Oh, My Pop Culture Jesus: Fate vs. Free Will

I have noticed something when watching television or movies and reading books or comics: we humans seem never to know if we would rather believe in free will or fate. If I had to pick I would say that we are more inclined to approve of free will, but fate still seems to be a hard and fast concept that we cling to, and it shows up in much of our pop culture.

It seems to mean that any time the concept of fate is really introduced into a story the author tends to quickly subvert fate with free will. Take, for example, Harry Potter. In book five when Harry learns that a prophecy predicted he would be the only one that could defeat Voldemort he was upset, until Dumbledore pointed out that after everything Voldemort put him through Harry would want to kill him anyway, regardless of what any prophecy says. Furthermore, Dumbledore stresses that Voldemort had had to choose between Harry and Neville (as the boy to potentially kill him) and if Voldemort had ignored the prophecy, then Voldemort’s choice would have ensured that the prophecy would never have come to pass. And finally, in book seven, Harry has to freely choose to sacrifice himself or else Harry might not have survived his encounter with Voldemort. Despite the strong sense of fate, the books make it clear that the characters’ choices, their free will, are what’s important and not some higher cosmic power.

In the TV show Heroes, a painter has the power to see the future and his prophecy tends to be accurate. However, the prophecies also tend to change. Isaac, the prophetic painter, predicts something vague enough that can be interpreted in numerous ways. The tag line in season one of Heroes for a while was “Save the Cheerleader, Save the World.” Isaac constantly draws pictures of serial killer Sylar killing Claire, an immortal cheerleader. Isaac’s pictures show a blonde cheerleader with her head sawed off. However, another character, Peter, saves Claire. So doesn’t Isaac’s prediction hold true? Kind of. Sylar mistakes another blonde cheerleader for Claire, so it could be argued that Isaac’s prediction holds true. However, the characters also have often traveled into the future where they see horrible dystopian-like realities, that are later stopped and changed, no matter what Isaac has predicted. In Heroes, the characters act like your fate is inevitable, unless it’s really bad and they decide to change it. The writers couldn’t seem to decide whether to follow fate or free will.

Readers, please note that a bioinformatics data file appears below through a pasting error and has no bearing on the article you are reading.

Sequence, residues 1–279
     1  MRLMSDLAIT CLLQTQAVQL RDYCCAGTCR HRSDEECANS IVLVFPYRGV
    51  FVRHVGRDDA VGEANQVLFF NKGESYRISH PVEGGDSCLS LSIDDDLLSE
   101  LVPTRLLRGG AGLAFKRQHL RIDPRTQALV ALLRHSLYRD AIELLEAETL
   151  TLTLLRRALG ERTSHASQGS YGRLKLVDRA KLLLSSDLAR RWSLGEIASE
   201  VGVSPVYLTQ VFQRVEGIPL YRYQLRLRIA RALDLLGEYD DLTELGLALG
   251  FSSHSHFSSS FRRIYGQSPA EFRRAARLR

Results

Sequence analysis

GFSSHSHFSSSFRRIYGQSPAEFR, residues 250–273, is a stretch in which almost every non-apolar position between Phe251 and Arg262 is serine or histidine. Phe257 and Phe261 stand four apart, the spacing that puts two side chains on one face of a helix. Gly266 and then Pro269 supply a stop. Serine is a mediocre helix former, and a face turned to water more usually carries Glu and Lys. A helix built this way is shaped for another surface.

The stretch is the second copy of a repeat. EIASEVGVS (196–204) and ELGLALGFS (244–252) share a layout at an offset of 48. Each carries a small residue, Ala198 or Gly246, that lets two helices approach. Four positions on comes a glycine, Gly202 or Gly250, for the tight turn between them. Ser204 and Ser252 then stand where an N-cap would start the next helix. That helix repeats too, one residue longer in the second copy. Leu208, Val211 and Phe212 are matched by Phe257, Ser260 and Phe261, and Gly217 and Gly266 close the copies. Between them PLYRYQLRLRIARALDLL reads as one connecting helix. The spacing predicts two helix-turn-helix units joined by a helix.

There are many other examples of course (Supernatural, Oedipus, Brave, Thor, Beowulf, Star Wars, Saiyuki, Doctor Who, Into the Woods, Dark Souls), but this theme of fate versus free will is something that consistently comes up in our pop culture. I think it’s because on some level humanity likes fate. We like the idea that God or some other higher power has a plan in which we play a part, maybe even a starring role. However, we find the notion of being bound to a fate, especially one we may not like, distasteful. We like have autonomy, but we also like the idea of being destined for something great or important.

What do you think? Are our lives governed by some kind of fate, free will, or is it a bit of both?

Tune in next week and get some religion.

4 thoughts on “Oh, My Pop Culture Jesus: Fate vs. Free Will

  1. The TV show Haven did an episode devoted to the idea of fate vs free will – S01E10 – and the conclusion at the end of the ep was “screw fate”. It’s along the lines of a psychic seeing the deaths of people – how they die – and the psychic not telling anyone or trying to get help to change the scenarios, and should she have. Also, when she does get help and they stop some deaths/murders is it wrong to interfere in the natural process (everyone has to die, right?), but then again is being murdered part of the “natural process” and does it make a difference if you are stopping a murder and letting a victim of a crime live as opposed to extending the life of an elderly person or someone with cancer. It was an interesting episode. And I agree with their conclusion – screw fate. 🙂